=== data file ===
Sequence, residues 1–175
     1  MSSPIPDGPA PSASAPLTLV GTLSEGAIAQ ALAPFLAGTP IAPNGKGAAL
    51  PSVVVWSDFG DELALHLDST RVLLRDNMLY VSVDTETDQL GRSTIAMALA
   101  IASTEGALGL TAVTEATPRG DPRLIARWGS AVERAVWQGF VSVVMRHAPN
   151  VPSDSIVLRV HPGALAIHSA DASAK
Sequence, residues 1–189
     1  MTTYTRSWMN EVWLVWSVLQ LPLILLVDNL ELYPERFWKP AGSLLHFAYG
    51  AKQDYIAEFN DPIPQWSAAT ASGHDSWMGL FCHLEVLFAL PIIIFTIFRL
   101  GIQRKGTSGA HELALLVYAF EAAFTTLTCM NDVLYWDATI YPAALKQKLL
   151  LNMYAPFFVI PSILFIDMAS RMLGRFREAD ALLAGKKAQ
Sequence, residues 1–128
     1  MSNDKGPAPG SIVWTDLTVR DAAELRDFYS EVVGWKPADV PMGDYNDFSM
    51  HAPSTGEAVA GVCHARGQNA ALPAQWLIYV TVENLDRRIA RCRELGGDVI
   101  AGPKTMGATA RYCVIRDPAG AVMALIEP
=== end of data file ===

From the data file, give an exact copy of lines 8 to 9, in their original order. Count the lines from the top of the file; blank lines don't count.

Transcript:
    51  AKQDYIAEFN DPIPQWSAAT ASGHDSWMGL FCHLEVLFAL PIIIFTIFRL
   101  GIQRKGTSGA HELALLVYAF EAAFTTLTCM NDVLYWDATI YPAALKQKLL